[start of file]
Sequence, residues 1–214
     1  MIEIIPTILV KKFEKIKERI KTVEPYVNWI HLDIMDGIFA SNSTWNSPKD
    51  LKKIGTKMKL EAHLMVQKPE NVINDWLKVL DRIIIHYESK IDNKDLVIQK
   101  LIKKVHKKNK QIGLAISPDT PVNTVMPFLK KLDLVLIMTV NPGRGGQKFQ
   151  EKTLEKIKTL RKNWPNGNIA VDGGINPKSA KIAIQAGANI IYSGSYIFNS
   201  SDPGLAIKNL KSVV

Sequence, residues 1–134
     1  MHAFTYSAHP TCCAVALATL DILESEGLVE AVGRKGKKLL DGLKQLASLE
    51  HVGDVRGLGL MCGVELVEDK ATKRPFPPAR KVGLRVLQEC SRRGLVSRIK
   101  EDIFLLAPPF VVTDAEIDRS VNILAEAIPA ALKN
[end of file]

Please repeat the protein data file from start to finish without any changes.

Sequence, residues 1–214
     1  MIEIIPTILV KKFEKIKERI KTVEPYVNWI HLDIMDGIFA SNSTWNSPKD
    51  LKKIGTKMKL EAHLMVQKPE NVINDWLKVL DRIIIHYESK IDNKDLVIQK
   101  LIKKVHKKNK QIGLAISPDT PVNTVMPFLK KLDLVLIMTV NPGRGGQKFQ
   151  EKTLEKIKTL RKNWPNGNIA VDGGINPKSA KIAIQAGANI IYSGSYIFNS
   201  SDPGLAIKNL KSVV

Sequence, residues 1–134
     1  MHAFTYSAHP TCCAVALATL DILESEGLVE AVGRKGKKLL DGLKQLASLE
    51  HVGDVRGLGL MCGVELVEDK ATKRPFPPAR KVGLRVLQEC SRRGLVSRIK
   101  EDIFLLAPPF VVTDAEIDRS VNILAEAIPA ALKN